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What to know before buying a house with your parents or anybody else

Vidhu Bajaj avatar
Vidhu Bajaj
- 5 min read
What to know before buying a house with your parents or anybody else

As property prices rise to eye-watering levels, first home buyers who feel locked out of the property market may consider pooling their resources with family or friends to purchase a home together. The idea sounds good in theory, however there may be a few creases to iron out before you take out a joint home loan with your father, mother, brother, sister, or even friendly Joe at work, for that matter.

For instance, you may be purchasing a property with your partner and your dad, but have you considered who will be living in the house? That leads to another question; would everyone buy as an owner-occupier (which means everybody stays together in the house), or some members own a share of the property as an investment? This is important as investors need an accurate record of how much money they pool into the property to claim any available tax deductions. It’s also worth checking whether you’ll be paying any rent to use the part of the home held as an investment by another member. 

Another logical question is that of ownership – who owns what percentage of the property? This may be based on whether you hold the property as joint tenants or tenants in common. Tenants in common may divide the mortgage and the property according to the amount of money each person chips in, while joint tenants will always have an equal share.  Also, what about the costs? Suppose you are taking out a joint mortgage with your father and you both pay 50 per cent of the deposit each. In this case, how will you split the other costs, like stamp duty and insurance, or even the maintenance costs once you move in? Will everybody pay an equal share, or will the costs be divided according to ownership?

It’s usually a good idea to draw up an ownership agreement with the help of a legal professional, setting out everybody’s rights and duties and who’s going to pay for what, to avoid any money issues down the line. Financial issues can ruin the best of relationships, and it’s best to clarify things at the outset to prevent any trouble in the future.

Besides these questions around who’ll stay where and how the regular expenses will be divided, an important point worth considering is the proper loan structure for the property, as discussed in the next section.

Joint tenants or tenants in common?

While it’s not unusual for more than one person to share a mortgage, there are two common ways in which this may be done. The first is the joint tenants arrangement. In this arrangement, all the owners are equally responsible for the mortgage, and their entitlement to the property is also equal. If one of the joint tenants passes away, their share is automatically transferred to the living members who are part of the arrangement. The downside is that you’re automatically responsible for your partner’s mortgage if they default or refuse to pay their share. 

Joint tenancy is usually preferred by couples or adult children buying with their parents, but you may want to consider a different arrangement when buying with friends or other family members. For instance, as tenants in common, you can divide the mortgage in any ratio you like.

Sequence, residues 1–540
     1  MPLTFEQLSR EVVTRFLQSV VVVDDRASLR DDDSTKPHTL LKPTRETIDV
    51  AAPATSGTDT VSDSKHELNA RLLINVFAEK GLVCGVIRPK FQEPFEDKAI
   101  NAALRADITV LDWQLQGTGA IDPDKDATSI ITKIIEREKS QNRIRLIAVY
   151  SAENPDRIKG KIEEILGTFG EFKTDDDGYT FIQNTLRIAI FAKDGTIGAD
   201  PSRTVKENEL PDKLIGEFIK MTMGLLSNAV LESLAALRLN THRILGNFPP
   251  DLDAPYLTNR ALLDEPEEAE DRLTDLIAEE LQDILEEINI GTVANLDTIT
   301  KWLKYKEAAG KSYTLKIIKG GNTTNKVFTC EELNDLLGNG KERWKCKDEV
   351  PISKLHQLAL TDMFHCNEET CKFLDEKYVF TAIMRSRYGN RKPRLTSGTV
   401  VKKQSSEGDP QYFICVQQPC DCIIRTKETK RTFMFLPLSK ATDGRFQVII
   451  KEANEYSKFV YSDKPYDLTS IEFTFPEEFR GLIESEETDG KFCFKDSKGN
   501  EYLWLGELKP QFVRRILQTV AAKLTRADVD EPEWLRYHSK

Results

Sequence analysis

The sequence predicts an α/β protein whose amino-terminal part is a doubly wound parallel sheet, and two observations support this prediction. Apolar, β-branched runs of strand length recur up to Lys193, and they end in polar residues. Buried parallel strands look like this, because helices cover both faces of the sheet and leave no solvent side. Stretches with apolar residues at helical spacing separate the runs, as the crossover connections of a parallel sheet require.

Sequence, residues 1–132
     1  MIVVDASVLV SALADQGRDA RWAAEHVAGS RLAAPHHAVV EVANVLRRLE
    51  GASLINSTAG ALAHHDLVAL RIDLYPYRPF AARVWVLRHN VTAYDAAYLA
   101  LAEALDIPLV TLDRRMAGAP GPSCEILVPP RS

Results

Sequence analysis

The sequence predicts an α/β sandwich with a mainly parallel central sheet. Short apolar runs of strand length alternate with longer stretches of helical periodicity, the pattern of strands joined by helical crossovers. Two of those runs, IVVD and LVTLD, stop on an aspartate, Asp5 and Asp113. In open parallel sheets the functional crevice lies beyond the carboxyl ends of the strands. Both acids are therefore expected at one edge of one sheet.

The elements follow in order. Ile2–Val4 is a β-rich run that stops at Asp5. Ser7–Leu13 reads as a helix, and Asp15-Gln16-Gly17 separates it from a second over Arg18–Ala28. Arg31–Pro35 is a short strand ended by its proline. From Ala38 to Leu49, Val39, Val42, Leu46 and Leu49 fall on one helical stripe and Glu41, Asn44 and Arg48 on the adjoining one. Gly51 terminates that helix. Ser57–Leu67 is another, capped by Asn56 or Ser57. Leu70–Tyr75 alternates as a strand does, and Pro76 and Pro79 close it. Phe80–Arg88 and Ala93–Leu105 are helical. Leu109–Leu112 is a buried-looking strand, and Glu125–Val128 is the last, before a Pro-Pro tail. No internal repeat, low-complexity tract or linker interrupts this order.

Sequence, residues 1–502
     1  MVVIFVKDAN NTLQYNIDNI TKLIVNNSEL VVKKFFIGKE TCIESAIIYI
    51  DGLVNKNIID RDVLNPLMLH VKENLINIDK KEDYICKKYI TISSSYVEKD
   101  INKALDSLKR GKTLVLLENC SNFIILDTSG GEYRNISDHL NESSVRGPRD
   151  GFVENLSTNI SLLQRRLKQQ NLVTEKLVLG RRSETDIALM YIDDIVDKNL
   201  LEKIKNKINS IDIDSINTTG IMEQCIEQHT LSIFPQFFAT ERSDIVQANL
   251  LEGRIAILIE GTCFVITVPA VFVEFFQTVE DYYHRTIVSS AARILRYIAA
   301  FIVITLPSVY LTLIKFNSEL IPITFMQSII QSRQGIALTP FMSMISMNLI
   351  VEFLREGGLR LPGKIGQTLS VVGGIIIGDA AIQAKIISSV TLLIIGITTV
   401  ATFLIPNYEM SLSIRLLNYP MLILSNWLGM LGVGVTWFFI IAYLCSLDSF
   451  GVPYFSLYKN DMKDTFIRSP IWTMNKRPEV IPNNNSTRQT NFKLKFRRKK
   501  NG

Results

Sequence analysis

Suppose you’re taking out a joint mortgage with your brother. As tenants in common, you can choose how you divide the mortgage, whether 50/50, 60/40, 75/25, or some other ratio. In case you both decide to part ways in the future, one partner can offer to buy out the other’s share in the property. You’re also free to sell your share in the property or gift it to someone else unless there’s a clause stating otherwise in your ownership agreement. 

It helps to discuss your plan with an experienced broker and legal professional or solicitor to select the right mortgage structure for your family when buying a place together. If a joint home loan doesn’t appeal to you, another option worth exploring is a property share loan. While such loans are uncommon, they can alleviate some of the financial issues when buying with friends or family.

What is a property share home loan?

Unlike a joint loan where each partner is responsible for the entire mortgage, a property share loan works as two home loans secured on a single property. As a result, each member is individually accountable for their own mortgage, meaning they can maintain their financial independence and retain complete control over their share of the property. However, it’s worth noting that property share home loans are relatively uncommon. You can read more about Property Share loans on this factsheet issued by Commonwealth Bank or speak with a broker to understand the product in detail and whether it’s suitable for you or not.

Irrespective of the type of loan you apply for, it’s worth seeking legal and financial advice before purchasing a property with family members and friends. Also, remember that your borrowing capacity and eligibility for a loan will depend on the income and credit score of each member applying for a mortgage with you. If anybody in the pool has bad debt on their credit file or doesn’t meet the standard eligibility criteria for lending, it could make it challenging for the others to get approved for a home loan, or you may be offered a higher rate of interest to make up for the higher risk in lending to a non-conforming borrower.

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Product database updated 21 Jul, 2024

This article was reviewed by Personal Finance Editor Mark Bristow before it was published as part of RateCity's Fact Check process.